It May Not Pay Off, But Democrats Should Block Gorsuch Anyway
The author makes four distinct arguments why Democrats should not use their filibuster to block Neil Gorsuch’s nomination, but each is dubious.
First, the author implies that it would be intrinsically wrong for Democrats to block the nomination. This argument appeals to democratic norms, which say that the Senate should give a president relative deference to appoint their justices. Per this argument, since Trump won the election, he should have relative free rein to appoint a conservative justice.
Yet this argument provides the appearance of democratic norms without the substance. When electing Obama in 2012, voters were not electing him for a 3-year term stretching from January 2013 to December 2015. Under the Constitution, the president’s term runs for four years. Even the traditional deference given by outgoing presidents to their successors between Election Day and Inauguration Day, the so-called ‘lame duck’ period, has no constitutional grounding.
To claim that Democrats must assent to Trump’s nominee when Republicans showed no similar deference ties them to asymmetric warfare, defending both progressive ideals and democratic norms against hostile assault. Furthermore, the author conflates the Republican’s nakedly-partisan attempt to hold a seat open, hoping they would win the presidency, with Democrat’s opposition to Gorsuch on ideological grounds.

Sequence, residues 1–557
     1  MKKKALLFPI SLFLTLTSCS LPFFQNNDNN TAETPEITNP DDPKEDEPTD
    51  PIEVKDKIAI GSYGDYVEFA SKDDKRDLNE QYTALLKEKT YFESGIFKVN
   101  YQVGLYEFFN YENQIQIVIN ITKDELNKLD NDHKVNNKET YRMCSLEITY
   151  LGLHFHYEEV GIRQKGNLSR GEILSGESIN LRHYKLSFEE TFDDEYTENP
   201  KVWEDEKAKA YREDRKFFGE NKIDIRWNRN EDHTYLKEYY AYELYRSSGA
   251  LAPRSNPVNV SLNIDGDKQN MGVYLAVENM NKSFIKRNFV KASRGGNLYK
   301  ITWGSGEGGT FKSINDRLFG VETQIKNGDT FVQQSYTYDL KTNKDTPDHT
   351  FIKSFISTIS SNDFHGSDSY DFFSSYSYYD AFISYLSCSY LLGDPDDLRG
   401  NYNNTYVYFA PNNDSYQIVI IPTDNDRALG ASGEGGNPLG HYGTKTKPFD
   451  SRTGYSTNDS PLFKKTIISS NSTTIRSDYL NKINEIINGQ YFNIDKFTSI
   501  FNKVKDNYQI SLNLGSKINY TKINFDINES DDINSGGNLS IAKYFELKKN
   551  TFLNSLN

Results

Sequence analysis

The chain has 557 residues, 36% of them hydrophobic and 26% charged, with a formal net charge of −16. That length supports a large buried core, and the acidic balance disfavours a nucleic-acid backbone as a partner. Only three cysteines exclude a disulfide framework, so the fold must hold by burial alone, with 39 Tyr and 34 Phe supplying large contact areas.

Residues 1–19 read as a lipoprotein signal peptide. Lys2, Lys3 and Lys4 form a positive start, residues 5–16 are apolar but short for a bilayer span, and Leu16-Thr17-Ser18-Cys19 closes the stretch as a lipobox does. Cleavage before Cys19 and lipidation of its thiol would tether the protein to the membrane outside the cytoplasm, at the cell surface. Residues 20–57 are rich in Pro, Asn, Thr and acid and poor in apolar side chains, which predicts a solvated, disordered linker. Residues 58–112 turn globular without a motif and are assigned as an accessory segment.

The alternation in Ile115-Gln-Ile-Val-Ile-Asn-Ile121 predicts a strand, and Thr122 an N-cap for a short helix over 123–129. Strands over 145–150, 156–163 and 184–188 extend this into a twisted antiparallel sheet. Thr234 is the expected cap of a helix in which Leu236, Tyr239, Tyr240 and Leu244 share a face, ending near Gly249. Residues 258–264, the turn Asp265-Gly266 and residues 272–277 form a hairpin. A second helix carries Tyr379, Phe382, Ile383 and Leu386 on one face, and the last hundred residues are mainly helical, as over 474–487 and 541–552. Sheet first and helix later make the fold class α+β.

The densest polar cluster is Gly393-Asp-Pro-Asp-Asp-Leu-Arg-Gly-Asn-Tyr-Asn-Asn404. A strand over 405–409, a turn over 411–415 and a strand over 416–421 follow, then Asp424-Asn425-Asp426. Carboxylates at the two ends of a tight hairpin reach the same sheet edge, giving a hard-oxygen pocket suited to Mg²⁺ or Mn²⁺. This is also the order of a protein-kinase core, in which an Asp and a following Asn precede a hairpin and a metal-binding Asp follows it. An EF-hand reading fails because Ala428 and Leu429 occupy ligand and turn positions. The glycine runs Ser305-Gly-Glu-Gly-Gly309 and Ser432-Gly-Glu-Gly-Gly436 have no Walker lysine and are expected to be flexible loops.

Second, the author argues that Gorsuch is the best possible nominee that Democrats could expect. Specifically, the author cites Neal Katyal’s claim that the Democrats should support a nominee that stands up for the ‘rule of law.’ The issue is that the ‘rule of law’ typically means near-unlimited deference to police and the harsh restriction of civil rights. Although Gorsuch made a few liberal rulings, his record on criminal justice is still quite conservative, and his jurisprudence elsewhere is extremely conservative.
Additionally, the 2016 election was close by historical standards. Trump won the electoral college with 56.5% of total electoral votes. By comparison, the median electoral college margin was approximately 70% of electors. Trump also lost the popular vote by 2%, the largest popular vote loss for the electoral college winner since 1876. Under these circumstances, Democrats could reasonably argue that a centrist or centre-right candidate, similar to Anthony Kennedy or John Roberts would reflect the popular will, whereas Gorsuch falls right of everyone except Clarence Thomas.
Third, the author claims that Democrats would suffer electorally for obstructing Gorsuch’s nomination. This claim is blatantly ahistorical. When Obama was elected in the 2008 wave with a near filibuster-proof majority, Republicans opposed vast amounts of his legislation, including his signature Affordable Care Act, which passed the House with one Republican vote and the Senate on a party-line vote.